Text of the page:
Petitioner's counsel has since filed a “second supplement” to Petitioner's original pro se § 2255 motion. (Doc. # 31, Pet.'s Br.). In it, Petitioner argues that his prior second-degree home invasion conviction under Michigan law no longer qualifies as a “violent felony” in light of Johnson and Mathis. The Government has filed a response in opposition (Doc. # 33, Gov't Resp.) and Petitioner has filed a reply. (Doc. # 34, Pet.'s Reply).

         STANDARD

         Petitioner's motion is brought pursuant to 28 U.S.C. § 2255, which provides:

A prisoner in custody under a sentence of a court established by Act of Congress claiming the right to be released upon the ground that the sentence imposed was in violation of the Constitution or laws of the United States, or that the court was without jurisdiction to impose such a sentence, or that the sentence was in excess of the maximum authorized by law, or is otherwise subject to collateral attack, may move the court which imposed the sentence to vacate, set aside, or correct the sentence.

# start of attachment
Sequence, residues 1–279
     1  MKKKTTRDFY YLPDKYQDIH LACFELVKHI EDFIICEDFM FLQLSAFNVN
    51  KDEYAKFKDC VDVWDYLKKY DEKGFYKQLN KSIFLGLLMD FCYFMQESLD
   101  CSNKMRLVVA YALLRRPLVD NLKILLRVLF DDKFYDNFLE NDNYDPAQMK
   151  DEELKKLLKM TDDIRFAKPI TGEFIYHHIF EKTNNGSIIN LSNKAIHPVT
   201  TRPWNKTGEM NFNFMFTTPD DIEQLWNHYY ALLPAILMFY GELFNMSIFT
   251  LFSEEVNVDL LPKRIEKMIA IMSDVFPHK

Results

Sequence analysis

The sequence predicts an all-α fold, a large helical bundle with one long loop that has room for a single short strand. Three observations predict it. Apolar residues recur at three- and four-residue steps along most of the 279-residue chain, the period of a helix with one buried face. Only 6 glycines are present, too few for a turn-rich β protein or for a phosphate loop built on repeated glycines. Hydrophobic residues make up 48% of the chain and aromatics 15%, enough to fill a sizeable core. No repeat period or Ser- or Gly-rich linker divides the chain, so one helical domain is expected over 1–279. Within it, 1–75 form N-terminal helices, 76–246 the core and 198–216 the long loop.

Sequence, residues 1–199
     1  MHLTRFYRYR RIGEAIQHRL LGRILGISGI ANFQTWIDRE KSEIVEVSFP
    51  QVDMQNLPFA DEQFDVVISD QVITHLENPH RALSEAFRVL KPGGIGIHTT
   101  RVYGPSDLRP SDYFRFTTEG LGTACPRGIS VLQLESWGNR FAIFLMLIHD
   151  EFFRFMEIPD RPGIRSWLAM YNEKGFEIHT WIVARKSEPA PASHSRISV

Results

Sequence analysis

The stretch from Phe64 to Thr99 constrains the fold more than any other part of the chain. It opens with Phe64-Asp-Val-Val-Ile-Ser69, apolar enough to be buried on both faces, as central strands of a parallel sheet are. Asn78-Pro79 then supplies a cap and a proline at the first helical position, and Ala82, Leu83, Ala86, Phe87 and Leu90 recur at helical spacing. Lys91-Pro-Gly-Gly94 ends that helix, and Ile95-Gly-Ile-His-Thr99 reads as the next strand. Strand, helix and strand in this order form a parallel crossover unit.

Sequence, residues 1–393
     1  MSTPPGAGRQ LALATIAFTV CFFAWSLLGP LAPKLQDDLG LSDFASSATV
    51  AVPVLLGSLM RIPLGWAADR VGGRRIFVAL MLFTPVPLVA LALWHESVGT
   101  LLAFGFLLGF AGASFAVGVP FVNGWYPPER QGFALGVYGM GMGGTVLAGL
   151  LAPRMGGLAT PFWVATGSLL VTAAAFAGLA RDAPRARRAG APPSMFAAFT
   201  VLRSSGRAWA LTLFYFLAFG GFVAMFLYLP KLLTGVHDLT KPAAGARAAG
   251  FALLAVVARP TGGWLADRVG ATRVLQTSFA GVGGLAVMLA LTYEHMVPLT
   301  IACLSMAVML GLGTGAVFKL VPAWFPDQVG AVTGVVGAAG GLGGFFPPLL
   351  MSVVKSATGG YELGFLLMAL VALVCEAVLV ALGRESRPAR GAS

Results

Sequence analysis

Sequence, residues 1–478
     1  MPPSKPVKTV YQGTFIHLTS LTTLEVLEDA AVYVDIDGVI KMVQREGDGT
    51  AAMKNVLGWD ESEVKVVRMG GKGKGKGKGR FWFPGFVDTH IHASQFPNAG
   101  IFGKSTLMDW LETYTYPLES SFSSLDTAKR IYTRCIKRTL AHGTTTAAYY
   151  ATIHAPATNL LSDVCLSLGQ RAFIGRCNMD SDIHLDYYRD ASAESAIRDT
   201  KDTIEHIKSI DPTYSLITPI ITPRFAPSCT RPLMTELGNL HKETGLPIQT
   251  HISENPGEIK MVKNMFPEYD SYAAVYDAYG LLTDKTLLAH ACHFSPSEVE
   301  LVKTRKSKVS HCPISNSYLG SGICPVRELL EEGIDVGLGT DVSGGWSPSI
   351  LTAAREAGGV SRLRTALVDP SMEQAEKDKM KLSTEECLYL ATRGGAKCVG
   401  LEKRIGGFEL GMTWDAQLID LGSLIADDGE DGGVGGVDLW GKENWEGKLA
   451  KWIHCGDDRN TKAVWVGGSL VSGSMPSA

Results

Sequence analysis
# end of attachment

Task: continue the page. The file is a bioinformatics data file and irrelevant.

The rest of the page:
28 U.S.C. § 2255(a). To prevail on a § 2255 motion, “a petitioner must demonstrate the existence of an error of constitutional magnitude which has a substantial and injurious effect or influence on the guilty plea or the jury's verdict.” Humphress v. United States, 398 F.3d 855, 858 (6th Cir. 2005). A movant can prevail on a § 2255 motion alleging non-constitutional error only by establishing a “fundamental defect which inherently results in a complete miscarriage of justice, or an error so egregious that it amounts to a violation of due process.” Watson v. United States, 165 F.3d 486, 488 (6th Cir. 1999).

         The Court must hold an evidentiary hearing on a § 2255 motion “[u]nless the motion and the files and records of the case conclusively show that the prisoner is entitled to no relief . . . .” 28 U.S.C. § 2255(b); Blanton v. United States, 94 F.3d 227, 235 (6th Cir. 1996) (“evidentiary hearings are not required when . . . the record conclusively shows that the petitioner is entitled to no relief.”). Here, Petitioner does not request an evidentiary ...


Buy This Entire Record For $7.95

Download the entire decision to receive the complete text, official citation,
docket number, dissents and concurrences, and footnotes for this case.

Learn more about what you receive with purchase of this case.